In his 18-Chapter primer, Luntz coaches Israeli supporters on how to tailor answers for different audiences, outlines what Americans want to hear and what words and phrases to use and to be avoided. It provides guidance on how to challenge statements from and to feign compassion for Palestinians. Luntz advises to always emphasize Israel’s desire for peace, although he initially states that it does not really want a peaceful solution.
Supporters are enjoined to give the false impression that the so-called "cycle of violence" has been going on for thousands of years, that both sides are equally at fault and that Palestine-Israel catastrophe is beyond their understanding. He urges advocates to stress Israel’s need for security, emphasizing that Americans will respond favorably if Israeli civilians are portrayed as the innocent victims of Palestinian "terrorism."
Luntz states that when Americans are told that Iran supports Hezbollah and Hamas, they will be inclined to be more supportive of Israel. Therefore, when talking about them to repeatedly say "Iran-backed" Hamas and Hezbollah.
On the rare occasions the mainstream media reports on Israel’s abuses, it conforms to the official lexicon outlined in Luntz’s dictionary. Israel’s army of occupation, for example, is referred to as "defense" or "security" forces, Zionist colonizers, (squatters), are termed "settlers," Zionist colonies are called "settlements" or "neighborhoods," Palestinians "attack," while Israelis merely "retaliate."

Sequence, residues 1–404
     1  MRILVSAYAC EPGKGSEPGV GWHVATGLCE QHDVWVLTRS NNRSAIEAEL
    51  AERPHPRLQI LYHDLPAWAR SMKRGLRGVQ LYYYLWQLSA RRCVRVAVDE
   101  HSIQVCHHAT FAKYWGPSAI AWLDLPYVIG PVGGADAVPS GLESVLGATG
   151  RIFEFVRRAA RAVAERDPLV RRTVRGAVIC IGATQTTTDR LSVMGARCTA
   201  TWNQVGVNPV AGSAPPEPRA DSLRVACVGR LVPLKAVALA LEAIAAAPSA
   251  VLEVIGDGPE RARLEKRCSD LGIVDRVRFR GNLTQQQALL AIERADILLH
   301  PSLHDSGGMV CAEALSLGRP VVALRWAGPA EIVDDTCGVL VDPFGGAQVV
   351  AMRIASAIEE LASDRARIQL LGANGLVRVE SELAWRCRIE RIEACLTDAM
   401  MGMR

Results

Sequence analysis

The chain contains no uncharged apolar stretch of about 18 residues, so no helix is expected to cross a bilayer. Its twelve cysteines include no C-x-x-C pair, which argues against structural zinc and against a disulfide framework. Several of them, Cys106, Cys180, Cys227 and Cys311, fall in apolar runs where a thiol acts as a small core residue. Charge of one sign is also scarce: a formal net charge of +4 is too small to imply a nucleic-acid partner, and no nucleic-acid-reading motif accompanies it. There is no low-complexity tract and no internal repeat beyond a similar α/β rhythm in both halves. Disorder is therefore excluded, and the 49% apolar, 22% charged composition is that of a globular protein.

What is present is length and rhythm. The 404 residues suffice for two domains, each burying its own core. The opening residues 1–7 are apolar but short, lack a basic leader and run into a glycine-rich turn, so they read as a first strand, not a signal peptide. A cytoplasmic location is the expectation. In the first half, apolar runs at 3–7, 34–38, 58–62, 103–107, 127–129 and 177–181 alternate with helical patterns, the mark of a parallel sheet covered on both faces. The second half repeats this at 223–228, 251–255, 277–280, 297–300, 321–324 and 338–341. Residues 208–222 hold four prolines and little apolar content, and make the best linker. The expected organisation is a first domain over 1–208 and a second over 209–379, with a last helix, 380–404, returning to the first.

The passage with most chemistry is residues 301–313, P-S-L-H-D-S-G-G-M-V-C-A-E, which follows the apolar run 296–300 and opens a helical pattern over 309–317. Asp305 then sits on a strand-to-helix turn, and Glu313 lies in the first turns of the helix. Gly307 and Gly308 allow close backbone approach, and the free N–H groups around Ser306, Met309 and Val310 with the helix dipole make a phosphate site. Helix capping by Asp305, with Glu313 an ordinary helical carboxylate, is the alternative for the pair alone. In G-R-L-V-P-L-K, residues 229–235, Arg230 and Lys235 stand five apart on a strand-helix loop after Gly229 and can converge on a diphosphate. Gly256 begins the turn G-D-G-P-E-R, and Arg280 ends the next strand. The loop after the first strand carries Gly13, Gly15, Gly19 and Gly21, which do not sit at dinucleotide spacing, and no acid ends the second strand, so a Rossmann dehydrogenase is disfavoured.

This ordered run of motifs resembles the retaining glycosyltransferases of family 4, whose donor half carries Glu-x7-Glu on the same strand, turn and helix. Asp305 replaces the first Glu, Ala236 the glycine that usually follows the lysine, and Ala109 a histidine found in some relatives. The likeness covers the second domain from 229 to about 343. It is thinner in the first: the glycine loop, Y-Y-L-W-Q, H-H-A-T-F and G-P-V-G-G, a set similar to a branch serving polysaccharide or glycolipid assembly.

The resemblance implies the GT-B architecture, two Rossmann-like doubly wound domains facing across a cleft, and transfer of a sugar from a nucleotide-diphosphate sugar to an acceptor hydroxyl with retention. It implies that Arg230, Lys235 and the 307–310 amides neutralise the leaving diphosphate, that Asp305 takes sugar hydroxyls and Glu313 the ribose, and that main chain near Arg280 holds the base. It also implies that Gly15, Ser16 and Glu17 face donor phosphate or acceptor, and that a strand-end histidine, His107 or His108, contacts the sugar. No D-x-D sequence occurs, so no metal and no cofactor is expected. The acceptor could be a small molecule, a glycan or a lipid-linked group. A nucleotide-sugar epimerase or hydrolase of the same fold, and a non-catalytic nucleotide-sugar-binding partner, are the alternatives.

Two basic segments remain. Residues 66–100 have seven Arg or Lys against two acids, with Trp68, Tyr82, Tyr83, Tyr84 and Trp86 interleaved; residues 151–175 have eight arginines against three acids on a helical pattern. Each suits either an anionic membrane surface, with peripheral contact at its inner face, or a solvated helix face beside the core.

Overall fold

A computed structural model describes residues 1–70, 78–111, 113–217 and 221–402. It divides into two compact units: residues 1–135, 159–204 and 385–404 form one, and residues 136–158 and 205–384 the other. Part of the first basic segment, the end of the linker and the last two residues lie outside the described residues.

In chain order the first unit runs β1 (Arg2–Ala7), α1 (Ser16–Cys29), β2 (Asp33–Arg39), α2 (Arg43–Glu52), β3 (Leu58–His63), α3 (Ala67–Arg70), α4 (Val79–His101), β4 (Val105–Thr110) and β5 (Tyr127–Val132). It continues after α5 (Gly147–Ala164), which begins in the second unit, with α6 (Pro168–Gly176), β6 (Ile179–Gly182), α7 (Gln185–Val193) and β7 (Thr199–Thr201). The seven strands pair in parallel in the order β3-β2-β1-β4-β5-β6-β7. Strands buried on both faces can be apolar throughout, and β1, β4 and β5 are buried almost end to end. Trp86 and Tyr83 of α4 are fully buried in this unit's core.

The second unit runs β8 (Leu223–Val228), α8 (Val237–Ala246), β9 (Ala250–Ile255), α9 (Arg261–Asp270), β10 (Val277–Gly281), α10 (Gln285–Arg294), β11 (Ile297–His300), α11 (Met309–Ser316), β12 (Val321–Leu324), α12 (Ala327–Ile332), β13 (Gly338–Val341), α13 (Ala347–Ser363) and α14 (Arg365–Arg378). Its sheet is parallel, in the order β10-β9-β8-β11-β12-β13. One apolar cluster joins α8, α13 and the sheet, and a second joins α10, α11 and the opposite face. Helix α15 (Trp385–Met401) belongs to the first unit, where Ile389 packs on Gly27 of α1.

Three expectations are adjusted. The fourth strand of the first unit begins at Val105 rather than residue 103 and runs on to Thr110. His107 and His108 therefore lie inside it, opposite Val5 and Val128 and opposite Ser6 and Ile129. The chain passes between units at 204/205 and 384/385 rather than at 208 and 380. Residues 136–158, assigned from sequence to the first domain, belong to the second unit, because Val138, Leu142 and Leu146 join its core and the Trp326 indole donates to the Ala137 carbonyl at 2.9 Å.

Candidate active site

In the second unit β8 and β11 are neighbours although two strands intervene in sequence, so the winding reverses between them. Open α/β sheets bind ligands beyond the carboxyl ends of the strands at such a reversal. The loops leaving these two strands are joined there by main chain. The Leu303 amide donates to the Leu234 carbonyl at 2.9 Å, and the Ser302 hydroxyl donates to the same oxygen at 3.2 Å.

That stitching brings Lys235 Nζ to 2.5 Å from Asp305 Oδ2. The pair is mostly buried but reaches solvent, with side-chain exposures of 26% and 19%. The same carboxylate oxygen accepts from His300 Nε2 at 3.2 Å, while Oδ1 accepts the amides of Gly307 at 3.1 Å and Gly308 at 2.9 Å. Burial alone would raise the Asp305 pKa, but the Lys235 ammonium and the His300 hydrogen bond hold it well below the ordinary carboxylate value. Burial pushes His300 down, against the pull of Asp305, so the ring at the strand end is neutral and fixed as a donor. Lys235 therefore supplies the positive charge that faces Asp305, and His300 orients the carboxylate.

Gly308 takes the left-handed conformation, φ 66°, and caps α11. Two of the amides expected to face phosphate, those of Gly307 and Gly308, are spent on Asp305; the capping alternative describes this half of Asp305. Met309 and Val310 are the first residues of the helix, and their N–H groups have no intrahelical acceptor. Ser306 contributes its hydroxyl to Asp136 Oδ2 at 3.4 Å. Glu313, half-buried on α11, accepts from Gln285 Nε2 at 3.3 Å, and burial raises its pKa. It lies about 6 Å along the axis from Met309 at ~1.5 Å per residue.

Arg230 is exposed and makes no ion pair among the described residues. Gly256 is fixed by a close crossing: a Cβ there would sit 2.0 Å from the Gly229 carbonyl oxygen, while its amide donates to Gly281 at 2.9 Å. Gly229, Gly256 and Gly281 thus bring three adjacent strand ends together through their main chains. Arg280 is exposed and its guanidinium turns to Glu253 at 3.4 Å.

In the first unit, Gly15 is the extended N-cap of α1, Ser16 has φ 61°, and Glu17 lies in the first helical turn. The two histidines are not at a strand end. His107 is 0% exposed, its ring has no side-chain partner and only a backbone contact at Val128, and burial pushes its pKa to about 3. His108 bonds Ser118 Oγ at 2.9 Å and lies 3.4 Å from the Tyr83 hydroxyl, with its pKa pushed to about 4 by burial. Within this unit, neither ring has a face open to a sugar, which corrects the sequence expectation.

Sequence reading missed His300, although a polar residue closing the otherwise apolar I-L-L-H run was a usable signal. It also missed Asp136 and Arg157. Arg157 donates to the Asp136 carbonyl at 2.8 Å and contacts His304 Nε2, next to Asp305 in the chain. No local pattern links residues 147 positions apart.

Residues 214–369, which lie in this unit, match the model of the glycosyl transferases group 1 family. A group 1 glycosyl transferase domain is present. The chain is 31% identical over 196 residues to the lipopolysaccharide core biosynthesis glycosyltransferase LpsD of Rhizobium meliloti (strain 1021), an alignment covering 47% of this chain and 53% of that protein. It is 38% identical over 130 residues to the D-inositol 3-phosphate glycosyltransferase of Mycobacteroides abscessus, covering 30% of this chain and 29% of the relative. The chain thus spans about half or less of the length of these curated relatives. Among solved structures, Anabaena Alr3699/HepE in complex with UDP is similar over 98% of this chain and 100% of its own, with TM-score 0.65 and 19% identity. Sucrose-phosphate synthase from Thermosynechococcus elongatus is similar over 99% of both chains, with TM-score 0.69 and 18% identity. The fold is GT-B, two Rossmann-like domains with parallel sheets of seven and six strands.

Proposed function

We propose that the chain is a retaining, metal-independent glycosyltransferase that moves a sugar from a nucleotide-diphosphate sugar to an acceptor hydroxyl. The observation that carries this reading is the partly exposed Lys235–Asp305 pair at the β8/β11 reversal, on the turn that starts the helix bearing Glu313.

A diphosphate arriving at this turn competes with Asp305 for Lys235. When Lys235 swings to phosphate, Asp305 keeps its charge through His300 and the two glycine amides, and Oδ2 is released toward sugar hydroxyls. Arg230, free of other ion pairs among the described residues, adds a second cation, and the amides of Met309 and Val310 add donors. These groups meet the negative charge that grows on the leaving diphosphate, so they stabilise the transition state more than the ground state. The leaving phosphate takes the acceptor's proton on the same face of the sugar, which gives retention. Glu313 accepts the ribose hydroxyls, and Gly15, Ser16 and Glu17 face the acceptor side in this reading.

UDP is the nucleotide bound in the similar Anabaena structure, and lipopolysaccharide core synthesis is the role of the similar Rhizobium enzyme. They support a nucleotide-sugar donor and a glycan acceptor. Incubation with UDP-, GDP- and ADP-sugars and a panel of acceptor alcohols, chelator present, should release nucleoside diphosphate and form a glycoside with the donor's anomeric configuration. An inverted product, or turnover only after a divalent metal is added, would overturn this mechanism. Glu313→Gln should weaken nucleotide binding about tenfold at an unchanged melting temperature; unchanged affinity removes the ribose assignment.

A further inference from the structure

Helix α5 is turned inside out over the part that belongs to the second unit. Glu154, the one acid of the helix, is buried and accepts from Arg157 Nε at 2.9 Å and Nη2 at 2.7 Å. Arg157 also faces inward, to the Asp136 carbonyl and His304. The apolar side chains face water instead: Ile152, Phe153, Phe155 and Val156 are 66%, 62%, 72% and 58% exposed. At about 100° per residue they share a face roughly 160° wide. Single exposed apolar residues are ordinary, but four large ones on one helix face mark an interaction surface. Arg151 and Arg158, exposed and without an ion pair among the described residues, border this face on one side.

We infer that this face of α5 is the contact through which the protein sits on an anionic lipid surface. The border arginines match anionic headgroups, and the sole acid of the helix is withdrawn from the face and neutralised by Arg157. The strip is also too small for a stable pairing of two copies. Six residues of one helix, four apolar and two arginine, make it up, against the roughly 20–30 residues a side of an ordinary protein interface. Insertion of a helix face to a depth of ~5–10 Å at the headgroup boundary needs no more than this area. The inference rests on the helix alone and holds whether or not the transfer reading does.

Among the more glaring fabrications is the characterization of the Israel-Palestine quagmire as a "conflict" between two peoples with equal political and military resources and equal claims; when it is, in reality, a conflict between the colonizer, Israel, and the colonized, Palestinians.
For 75 years, Israeli propaganda has allowed it to be the exception – to flout international norms and laws with impunity. Because of the myths, Israel has been extremely influential in determining US policy in the Middle East. The country’s unremitting and methodical disinformation campaigns from 1948 to the present have allowed Israel to plant the Zionist flag on Palestinian land and in the hearts and minds of Americans.
Tel Aviv is, however, finding it increasingly difficult to whitewash its entrenched apartheid system and ongoing genocide, especially in light of the openly racist policies and practices of the current right-wing regime cobbled together by its legally-plagued prime minister, Benjamin Netanyahu. Israel’s hasbara industry, however, remains undaunted. TIP folded in 2019 after its funding dried up, but the Democratic Majority for Israel (DMFI) continues to carry on Israel’s hasbara mission.
Israel knows that the narratives it tells itself and the world are apocryphal and the Jewish state, in its present form, is unlawful and unjust. Hence, in an attempt to make the apocryphal real and the fraudulent legal, Israel continues its ongoing ideological war to normalize the abnormal in Palestine.
Dr. M. Reza Behnam is a political scientist specializing in the history, politics and governments of the Middle East and U.S. foreign policy in the region.
2023 M. Reza Behnam, Ph.D.